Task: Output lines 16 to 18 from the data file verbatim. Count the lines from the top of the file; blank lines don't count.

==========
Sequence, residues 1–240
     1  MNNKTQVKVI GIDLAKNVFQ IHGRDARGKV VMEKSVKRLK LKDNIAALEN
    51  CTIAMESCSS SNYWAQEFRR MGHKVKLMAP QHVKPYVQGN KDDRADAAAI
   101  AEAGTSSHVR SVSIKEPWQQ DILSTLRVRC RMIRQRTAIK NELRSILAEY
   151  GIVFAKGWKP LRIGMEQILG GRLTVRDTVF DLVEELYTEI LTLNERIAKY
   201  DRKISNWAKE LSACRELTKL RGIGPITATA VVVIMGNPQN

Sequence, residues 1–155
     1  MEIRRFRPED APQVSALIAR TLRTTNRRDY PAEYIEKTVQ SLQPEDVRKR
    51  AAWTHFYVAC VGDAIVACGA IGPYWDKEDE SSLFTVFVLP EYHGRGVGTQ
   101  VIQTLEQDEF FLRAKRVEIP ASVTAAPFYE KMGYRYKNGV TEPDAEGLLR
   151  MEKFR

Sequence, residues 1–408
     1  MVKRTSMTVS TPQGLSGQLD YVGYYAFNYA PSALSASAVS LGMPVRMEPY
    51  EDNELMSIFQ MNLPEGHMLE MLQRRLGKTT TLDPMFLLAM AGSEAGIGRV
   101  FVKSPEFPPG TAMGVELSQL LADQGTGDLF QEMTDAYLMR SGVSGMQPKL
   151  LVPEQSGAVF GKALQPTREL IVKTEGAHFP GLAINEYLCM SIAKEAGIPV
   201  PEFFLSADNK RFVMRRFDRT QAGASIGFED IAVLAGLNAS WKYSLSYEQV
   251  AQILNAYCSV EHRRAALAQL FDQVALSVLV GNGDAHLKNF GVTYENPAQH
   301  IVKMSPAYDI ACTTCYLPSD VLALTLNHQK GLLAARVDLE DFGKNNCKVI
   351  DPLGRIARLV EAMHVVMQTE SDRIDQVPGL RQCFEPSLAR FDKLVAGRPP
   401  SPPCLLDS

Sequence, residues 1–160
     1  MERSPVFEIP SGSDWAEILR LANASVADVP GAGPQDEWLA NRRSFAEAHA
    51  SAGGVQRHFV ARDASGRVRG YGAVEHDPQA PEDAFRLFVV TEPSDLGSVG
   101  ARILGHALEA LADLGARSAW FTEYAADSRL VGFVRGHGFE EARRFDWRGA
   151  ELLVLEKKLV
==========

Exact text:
   151  LVPEQSGAVF GKALQPTREL IVKTEGAHFP GLAINEYLCM SIAKEAGIPV
   201  PEFFLSADNK RFVMRRFDRT QAGASIGFED IAVLAGLNAS WKYSLSYEQV
   251  AQILNAYCSV EHRRAALAQL FDQVALSVLV GNGDAHLKNF GVTYENPAQH